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Unspoilt by Progress?

When asked by the organisers of my forthcoming exhibition ‘A Time it Was’ to revisit some of the locations and produce current contrasting (or complimentary) images, I ‘thought’ my way around the area, trying to imagine where most change had taken place. Or indeed least change.

Although I visit these places regularly in the course of my work, and am certainly aware of changing landscapes, from industry to commerce, fields to houses, it was only by stopping and framing through the lens that I really had time to study and take in the giant metamorphosis.

We often stop and appreciate the beauty of a seascape or mountain view, and give the occasion some precious minutes of our time.

Rarely do we afford a shopping centre, factory complex or housing estate the same visual consideration.

Probably for good reason.

Solid swathes of low-lying ugliness seem to form our urban landscape today. I don’t suppose that since the Industrial Revolution the West Midlands has ever had a pretty face.

And I’m sure that when huge factories like Round Oak steelworks in Brierley Hill dominated the skyline, there were many people who were unhappy with it’s noise, smoke, and dirt. But it was a major employer, giving generations of families homes, food, and a future. And there was still green space around it, breathing space.

Today we have a massive shopping complex, complete with nearly a dozen car parks, providing a different sort of pollution, and a road system that struggles on every level long before the real rush hour begins. And it is not a thing of beauty. Coloured sheds as big as aircraft hangers, with music.

 

 

 

 

 

Two views of the same geographical location from Two Woods Lane, Brierley Hill, but forty years apart.

Progress of a sort, I suppose.

 

Let there be Light

Exactly thirty seven years ago (to the month, if not the day) Princess Grace of Monaco visited Stourbridge, in the West Midlands, UK. That’s a bit like saying you were chatting to Mick Jagger on the number 74 bus to West Bromwich, or you bumped into Sir John Betjeman in the sausage queue on Melton Mowbray market. Mind you, I suppose the last one was once a possibility…

I photographed her meeting a bunch of local worthies at Hagley Hall, the ancestral home of the Cobham family. It was an absolute crush, with reporters, photographers, TV crews (and all those damn worthies) vying for a bit of elbow room.

I’m not sure whether my flash went off or not, or even whether I was trying for a natural light picture, which would have been very brave of me at the time, but I got an image that was an absolute swine to print in a conventional darkroom. Luckily, I didn’t have to print it too many times.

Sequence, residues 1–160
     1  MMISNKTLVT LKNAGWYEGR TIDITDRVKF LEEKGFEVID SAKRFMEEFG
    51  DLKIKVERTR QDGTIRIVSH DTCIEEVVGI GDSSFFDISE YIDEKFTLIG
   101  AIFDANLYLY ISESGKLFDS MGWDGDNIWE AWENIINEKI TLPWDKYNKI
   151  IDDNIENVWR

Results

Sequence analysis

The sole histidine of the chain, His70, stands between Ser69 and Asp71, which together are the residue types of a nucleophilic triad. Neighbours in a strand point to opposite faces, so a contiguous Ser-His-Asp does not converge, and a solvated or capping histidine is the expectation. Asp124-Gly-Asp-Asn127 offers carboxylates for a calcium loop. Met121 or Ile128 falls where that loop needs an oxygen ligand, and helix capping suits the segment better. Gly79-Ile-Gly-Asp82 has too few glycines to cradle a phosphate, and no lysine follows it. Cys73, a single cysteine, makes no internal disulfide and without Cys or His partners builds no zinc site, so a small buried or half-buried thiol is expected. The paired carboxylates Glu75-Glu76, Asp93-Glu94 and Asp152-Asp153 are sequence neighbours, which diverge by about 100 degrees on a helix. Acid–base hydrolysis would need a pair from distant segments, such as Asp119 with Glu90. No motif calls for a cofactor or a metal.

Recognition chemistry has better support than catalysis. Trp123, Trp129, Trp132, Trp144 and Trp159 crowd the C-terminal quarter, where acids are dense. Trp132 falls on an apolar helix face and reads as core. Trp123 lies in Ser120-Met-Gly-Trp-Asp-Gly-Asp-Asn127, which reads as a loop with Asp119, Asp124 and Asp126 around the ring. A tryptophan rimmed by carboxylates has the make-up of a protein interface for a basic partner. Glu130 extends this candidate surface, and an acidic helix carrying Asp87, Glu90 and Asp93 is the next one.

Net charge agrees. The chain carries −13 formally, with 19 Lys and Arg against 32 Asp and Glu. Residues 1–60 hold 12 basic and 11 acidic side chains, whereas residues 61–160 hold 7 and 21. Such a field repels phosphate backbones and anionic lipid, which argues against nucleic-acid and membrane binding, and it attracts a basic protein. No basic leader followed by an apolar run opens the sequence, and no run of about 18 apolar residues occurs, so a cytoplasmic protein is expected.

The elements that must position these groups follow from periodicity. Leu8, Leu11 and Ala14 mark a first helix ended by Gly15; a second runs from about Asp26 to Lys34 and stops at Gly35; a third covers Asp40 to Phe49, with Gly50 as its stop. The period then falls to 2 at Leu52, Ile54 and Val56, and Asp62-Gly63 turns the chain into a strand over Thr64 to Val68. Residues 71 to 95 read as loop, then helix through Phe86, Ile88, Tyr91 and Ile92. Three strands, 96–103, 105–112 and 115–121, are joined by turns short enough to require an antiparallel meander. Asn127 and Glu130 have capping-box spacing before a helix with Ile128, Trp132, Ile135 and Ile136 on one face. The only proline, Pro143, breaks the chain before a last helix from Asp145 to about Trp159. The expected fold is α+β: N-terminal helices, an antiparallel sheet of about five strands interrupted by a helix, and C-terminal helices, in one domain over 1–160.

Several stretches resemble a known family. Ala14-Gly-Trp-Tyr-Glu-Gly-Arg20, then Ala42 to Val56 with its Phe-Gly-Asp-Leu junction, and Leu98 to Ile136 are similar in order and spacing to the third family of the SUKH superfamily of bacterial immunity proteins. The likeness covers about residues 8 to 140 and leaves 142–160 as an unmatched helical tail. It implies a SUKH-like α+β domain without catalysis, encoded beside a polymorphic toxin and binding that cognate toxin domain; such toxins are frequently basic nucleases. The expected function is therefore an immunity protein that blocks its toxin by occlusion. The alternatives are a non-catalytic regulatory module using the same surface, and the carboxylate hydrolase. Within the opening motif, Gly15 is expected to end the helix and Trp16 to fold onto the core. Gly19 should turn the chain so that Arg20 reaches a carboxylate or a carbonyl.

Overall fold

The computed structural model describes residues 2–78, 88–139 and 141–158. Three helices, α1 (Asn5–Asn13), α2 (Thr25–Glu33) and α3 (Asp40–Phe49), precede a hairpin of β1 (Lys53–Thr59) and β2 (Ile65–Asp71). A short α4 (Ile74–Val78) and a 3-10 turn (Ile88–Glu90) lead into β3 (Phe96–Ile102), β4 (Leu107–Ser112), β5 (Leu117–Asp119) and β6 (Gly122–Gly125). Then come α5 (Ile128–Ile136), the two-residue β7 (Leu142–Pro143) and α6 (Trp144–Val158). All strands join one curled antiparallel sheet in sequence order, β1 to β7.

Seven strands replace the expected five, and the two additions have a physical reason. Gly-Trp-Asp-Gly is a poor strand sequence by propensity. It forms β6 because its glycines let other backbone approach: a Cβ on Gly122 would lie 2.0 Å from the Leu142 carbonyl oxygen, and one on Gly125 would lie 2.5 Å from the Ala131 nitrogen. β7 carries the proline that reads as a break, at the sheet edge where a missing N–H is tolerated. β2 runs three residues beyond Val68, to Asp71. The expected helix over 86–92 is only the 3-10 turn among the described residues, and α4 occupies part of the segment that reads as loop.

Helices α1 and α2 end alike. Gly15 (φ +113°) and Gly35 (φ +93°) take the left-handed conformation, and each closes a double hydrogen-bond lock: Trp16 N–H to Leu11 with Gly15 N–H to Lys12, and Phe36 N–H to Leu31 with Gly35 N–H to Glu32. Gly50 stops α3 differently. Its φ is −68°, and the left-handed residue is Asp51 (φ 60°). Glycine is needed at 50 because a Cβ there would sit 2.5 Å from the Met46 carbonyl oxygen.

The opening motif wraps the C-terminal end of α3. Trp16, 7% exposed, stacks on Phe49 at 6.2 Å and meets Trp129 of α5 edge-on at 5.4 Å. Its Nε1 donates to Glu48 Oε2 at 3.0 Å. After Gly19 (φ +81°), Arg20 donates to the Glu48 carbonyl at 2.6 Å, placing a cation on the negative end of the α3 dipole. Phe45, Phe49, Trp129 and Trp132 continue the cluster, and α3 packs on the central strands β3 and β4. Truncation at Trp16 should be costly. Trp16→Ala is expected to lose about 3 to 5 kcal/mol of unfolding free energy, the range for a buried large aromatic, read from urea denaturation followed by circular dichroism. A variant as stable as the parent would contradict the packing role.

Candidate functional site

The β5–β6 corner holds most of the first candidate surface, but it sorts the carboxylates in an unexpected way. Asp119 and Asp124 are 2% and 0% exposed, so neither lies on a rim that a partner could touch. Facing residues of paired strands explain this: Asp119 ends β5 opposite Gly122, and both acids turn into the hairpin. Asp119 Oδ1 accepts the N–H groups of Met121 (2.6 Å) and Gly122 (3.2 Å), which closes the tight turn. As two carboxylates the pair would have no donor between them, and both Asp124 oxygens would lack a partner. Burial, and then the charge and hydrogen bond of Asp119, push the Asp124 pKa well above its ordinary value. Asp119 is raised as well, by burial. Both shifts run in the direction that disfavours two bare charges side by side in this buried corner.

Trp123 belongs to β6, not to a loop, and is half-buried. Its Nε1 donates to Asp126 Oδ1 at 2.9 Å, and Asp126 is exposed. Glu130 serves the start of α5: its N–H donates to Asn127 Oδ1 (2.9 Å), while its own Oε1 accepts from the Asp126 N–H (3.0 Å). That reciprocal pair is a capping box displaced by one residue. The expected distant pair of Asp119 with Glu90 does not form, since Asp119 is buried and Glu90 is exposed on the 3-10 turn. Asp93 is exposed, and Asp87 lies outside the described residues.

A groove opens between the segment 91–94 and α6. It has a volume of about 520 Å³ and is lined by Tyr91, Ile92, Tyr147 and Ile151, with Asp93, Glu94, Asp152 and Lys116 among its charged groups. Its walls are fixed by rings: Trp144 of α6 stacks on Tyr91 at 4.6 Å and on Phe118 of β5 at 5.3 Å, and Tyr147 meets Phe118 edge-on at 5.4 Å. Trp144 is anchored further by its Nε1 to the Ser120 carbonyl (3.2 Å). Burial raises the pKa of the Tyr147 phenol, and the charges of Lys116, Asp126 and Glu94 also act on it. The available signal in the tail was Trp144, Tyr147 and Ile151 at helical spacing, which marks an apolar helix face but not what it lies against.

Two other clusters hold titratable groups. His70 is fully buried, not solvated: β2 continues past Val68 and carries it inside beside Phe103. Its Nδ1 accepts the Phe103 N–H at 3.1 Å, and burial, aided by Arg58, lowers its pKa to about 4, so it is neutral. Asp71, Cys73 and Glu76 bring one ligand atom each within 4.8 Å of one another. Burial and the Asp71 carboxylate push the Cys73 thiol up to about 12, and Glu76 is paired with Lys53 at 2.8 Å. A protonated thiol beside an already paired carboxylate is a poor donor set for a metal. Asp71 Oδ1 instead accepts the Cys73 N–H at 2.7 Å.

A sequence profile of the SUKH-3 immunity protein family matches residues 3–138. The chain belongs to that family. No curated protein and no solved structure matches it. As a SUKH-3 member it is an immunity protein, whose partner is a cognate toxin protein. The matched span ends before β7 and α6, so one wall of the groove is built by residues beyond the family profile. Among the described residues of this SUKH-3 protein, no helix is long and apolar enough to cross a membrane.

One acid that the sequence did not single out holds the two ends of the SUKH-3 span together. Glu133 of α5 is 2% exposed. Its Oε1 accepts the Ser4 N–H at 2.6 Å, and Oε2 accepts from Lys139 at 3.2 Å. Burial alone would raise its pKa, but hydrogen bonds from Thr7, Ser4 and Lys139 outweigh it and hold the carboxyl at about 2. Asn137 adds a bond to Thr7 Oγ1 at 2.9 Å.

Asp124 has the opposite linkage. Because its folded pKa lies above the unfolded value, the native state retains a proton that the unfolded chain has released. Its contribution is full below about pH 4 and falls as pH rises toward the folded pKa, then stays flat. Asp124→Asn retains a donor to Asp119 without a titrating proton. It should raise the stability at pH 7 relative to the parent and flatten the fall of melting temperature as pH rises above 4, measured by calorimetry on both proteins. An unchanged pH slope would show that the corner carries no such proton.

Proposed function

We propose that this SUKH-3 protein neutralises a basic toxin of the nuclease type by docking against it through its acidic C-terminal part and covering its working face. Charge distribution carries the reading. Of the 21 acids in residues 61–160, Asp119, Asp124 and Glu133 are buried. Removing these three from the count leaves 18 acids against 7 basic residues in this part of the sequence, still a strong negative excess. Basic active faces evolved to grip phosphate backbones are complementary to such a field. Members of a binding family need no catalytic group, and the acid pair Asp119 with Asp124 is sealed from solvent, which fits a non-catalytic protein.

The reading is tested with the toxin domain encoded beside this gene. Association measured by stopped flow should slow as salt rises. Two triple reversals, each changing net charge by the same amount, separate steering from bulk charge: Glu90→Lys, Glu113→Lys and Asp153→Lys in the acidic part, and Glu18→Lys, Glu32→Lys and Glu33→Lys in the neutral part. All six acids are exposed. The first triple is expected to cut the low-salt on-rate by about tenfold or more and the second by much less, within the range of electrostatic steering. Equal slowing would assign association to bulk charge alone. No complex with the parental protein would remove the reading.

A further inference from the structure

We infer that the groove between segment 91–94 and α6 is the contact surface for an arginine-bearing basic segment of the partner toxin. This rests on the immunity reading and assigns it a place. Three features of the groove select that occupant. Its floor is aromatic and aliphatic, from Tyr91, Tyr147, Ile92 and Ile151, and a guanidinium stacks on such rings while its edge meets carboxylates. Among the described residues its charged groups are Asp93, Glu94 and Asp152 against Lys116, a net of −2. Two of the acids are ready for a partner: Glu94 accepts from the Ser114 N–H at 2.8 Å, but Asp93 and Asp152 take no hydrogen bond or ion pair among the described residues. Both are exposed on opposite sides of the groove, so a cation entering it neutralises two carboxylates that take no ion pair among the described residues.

Consequently the negative lived in a little packet all on it’s own for nearly forty years, stored with thousands of others in a filing cabinet.

So how could something that had spent it’s whole life doing nothing but sitting in a bag, never seeing daylight, or fresh air, or even stale air for that matter, get covered in so much shite?

Princess Grace at Hagley Hall 1980

 

 

 

 

 

 

I chose this image as one of fifty-odd that I am exhibiting at my one-man show at Himley Hall, Dudley, in April and May this year, entitled A Time It Was.

I simply lost count of the number of hours spent spotting and cleaning up this image at actual pixel size in my editing programme. I suppose the consolation is that I could never have spotted an actual print to the same quality, with dust, hairs and scratches fighting for space on the neg with the same determination and voracity as the original protagonists in that room at Hagley Hall all those years ago.

Here’s a blow up of part of the image, showing the carnage.

Princess Grace at Hagley Hall 1980

 

 

 

 

 

 

 

 

And here is the finished image. At least I now have a digital copy that can’t gather dust and scratches, alongside my original Tri-X negative.

All I need to to do is make a back-up, with maybe another, and possibly just one more…

Princess Grace at Hagley Hall 1980

 

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Out of Nature – art in landscape

I’ve no idea why, but I often struggle with 3D art in a gallery. A space that seems perfectly suited to a flat two dimensional image somehow seems inadequate to a piece of sculpture. I suppose a painting or photograph operates on a plane, and you never see beyond that surface.

With a piece of three dimensional art, you can always see round and beyond it, and that, for me, always causes problems, because what you see beyond or around the sculpture affects your response to it.

Enter Out of Nature, a sculpture exhibition outdoors in the grounds of Newport House, Almeley, Herefordshire. Associated with the Foley family of Great Witley,  the Watt’s of steam engine fame, and Shakespeare’s Falstaff, Newport House is hosting the exhibition till October 25 2015.

There are sculptures that look like art, and sculptures that look like fun. Organic sculptures by Kate Raggett that have the fragrance of country fruit, and wooden carvings by Ed Elliott, one of which fits nicely in with the current ITV series based in Herefordshire, Midwinter of the Spirit, a somewhat lumpy and unsatisfying tale of demonry in the county.